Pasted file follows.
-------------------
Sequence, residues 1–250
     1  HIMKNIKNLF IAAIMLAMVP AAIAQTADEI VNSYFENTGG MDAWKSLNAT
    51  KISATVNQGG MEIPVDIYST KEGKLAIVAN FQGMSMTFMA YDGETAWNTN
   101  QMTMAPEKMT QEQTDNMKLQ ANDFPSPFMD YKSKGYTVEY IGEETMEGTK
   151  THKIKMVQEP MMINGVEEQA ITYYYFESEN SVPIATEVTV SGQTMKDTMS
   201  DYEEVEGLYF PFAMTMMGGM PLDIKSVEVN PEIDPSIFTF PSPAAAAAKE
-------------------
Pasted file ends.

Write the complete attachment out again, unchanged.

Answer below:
Sequence, residues 1–250
     1  HIMKNIKNLF IAAIMLAMVP AAIAQTADEI VNSYFENTGG MDAWKSLNAT
    51  KISATVNQGG MEIPVDIYST KEGKLAIVAN FQGMSMTFMA YDGETAWNTN
   101  QMTMAPEKMT QEQTDNMKLQ ANDFPSPFMD YKSKGYTVEY IGEETMEGTK
   151  THKIKMVQEP MMINGVEEQA ITYYYFESEN SVPIATEVTV SGQTMKDTMS
   201  DYEEVEGLYF PFAMTMMGGM PLDIKSVEVN PEIDPSIFTF PSPAAAAAKE